SEO’s are always looking for new strategies in their quest to milk free traffic from search engines. The “Skyscraper Technique” is one of the most well-known SEO strategies. It’s one of only a few that most search engine marketers can recognize by name.
The Skyscraper Technique is a three-part system created by Brian Dean of Backlinko. It looks something like this:
- Find link-worthy content
- Make a better piece of content
- Start your link outreach campaign
Basically, you want to find content that is already ranking and linked to from reputable sources. You then create an even better piece of content and reach out to everyone who was linking to the original piece of link-worthy content and ask them to switch their links over to you.
Like most strategies that become mainstream, the interpretation of this strategy is inconsistent, and the execution even worse.
I’m going to show you why the Skyscraper Technique is not a panacea for search engine marketers, but first, and important prerequisite.
The Skyscraper Technique is a Great Marketing Strategy
Let me preface this article by saying that the Skyscraper Technique is a great SEO strategy. At the time it was introduced, it was a novel idea that accounted for all relevant ranking factors (quality content and link building) and it is still effective today. I’m not sure whether or not Brian Dean expected for the technique to become so mainstream, but since it has, I’ve seen a lot of flaws in its execution.
Amateur marketers often view strategies as absolute rules. Do “X” and “Y” will inevitably follow. As any experienced marketer knows, marketing is not that black and white.
I’m going to discuss a few of the flaws in the Skyscraper Technique, most of which result from the improper execution of the technique (vs. the technique itself). Brian Dean is a great SEO specialist and this is NOT a critique of his strategy. Instead, it’s a critique of how I’ve seen this strategy applied by amateur marketers and digital marketing dabblers.
Content is NOT King
The phrase “content is king” is as outdated as it is untrue.
In the world of content marketing, there is a myth that all you need to do is create quality content and the rest will fall into place. Build it and they will come.
This couldn’t be any further from the truth. The majority of content on the internet (both good and bad) goes unread. Why? Because anyone can create quality content.
Content has become a commodity. You can write it yourself or pull from a pool of talented writers. Any company or blog can put up a killer piece of content in less than a week. The trick is attracting eyeballs.
In case this isn’t clear yet, let me illustrate with an example. According to ahrefs, the search term “small business accountant” has 900 searches in the United States every month. The keyword is difficult to rank for, but not impossible (it’s ranked 40/100 on ahrefs’ difficulty scale).
This is clearly a term that any accountant would like to rank for. If you rank in the #1 spot, you’re likely to get around 300-400 visits each month. If only 2% of these visits convert into customers, you’re likely to get an extra 7 customers every month. What are these customers worth? The majority of small business owners spent at least $1000/year on accounting services, many of which spend upwards of $5,000 annually.
We’ll keep it conservative and assume most business owners spend $1,000. This means that those 7 new customers that come in each month are worth $7,000 annually. At 7 customers/month, this equates to an additional $84,000/year. Once again, this is using a conservative 2% conversion rate and a conservative estimate on annual spend.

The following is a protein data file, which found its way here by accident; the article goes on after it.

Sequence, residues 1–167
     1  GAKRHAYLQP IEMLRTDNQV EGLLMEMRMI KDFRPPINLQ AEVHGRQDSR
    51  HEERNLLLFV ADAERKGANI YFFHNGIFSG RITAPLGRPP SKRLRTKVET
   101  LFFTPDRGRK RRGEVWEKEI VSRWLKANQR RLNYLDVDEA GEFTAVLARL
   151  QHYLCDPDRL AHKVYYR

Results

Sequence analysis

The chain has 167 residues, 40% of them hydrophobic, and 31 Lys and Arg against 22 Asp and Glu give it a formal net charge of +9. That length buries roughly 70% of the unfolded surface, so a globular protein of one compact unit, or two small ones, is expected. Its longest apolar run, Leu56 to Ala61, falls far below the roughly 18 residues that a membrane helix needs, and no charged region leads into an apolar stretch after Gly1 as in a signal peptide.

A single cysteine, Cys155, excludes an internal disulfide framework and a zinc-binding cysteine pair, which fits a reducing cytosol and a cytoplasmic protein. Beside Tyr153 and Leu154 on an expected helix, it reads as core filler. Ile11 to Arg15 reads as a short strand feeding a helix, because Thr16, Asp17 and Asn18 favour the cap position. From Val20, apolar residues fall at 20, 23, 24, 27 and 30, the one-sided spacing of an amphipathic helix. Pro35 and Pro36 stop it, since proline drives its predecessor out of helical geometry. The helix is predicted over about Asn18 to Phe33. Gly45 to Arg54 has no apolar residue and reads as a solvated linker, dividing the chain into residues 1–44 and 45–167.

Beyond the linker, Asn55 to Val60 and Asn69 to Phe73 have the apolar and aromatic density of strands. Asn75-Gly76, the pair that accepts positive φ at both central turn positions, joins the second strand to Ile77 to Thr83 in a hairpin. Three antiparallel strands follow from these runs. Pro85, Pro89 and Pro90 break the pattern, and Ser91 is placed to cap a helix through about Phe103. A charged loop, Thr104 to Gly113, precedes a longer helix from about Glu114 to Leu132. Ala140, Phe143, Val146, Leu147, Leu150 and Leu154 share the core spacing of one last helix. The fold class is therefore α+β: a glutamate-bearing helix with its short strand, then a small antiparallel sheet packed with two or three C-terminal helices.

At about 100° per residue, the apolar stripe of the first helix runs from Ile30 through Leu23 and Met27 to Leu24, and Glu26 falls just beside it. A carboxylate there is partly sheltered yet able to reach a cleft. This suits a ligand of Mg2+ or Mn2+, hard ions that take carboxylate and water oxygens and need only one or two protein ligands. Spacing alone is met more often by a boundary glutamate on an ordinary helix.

So, let me ask you this: if you knew that the keyword “small business accountant” was worth $84,000/year to your business, what would you do?
Do you think you would hesitate to spend $1,000 on quality content? How about $5,000? Probably not…
With that type of budget, you could create the greatest piece of content the accounting world has ever seen… but so could your competitors.
The point here is simple – quality content is NOT enough to dominate your niche. This anecdotal example also leads to our next point regarding content.
Bigger Isn’t Always Better
A skyscraper is big – like, really big. It’s bigger than all of the buildings around it.
Naturally, content that follows the Skyscraper method should be big as well. While the magnitude of skyscrapers is measured in height, the magnitude of content is measured in length.
Brian Dean directly recommends longer content as part of the Skyscraper Technique. His first rule for making better content is “make it longer.”
While this is a winning strategy in some cases, it’s absolutely useless in others. In fact, this is one of the worst myths in SEO – longer-form content is better.
It’s no secret that Google favors long-form content at the moment, BUT that doesn’t mean all content should be long-form.
Every search query doesn’t require it’s own mini-book.
You can use tools like Surfer SEO to analyze this with live data.
Here is an example of the word counts of the top 10 results for a fairly competitive term:
Notice anything? The top 2 results are about half the length of the third result. The sites holding positions 4 and 5 are able to rank with ~500 words whereas the sites stuck at positions 9 and 10 have over 2,000 words each.
This is not anomalous. Here’s another example:
These charts show no indication that content length directly correlates with rank positions. If it did, you would see a downward sloping line, where the longest content is ranked in the foremost positions and the shorter content trails at the bottom of the results.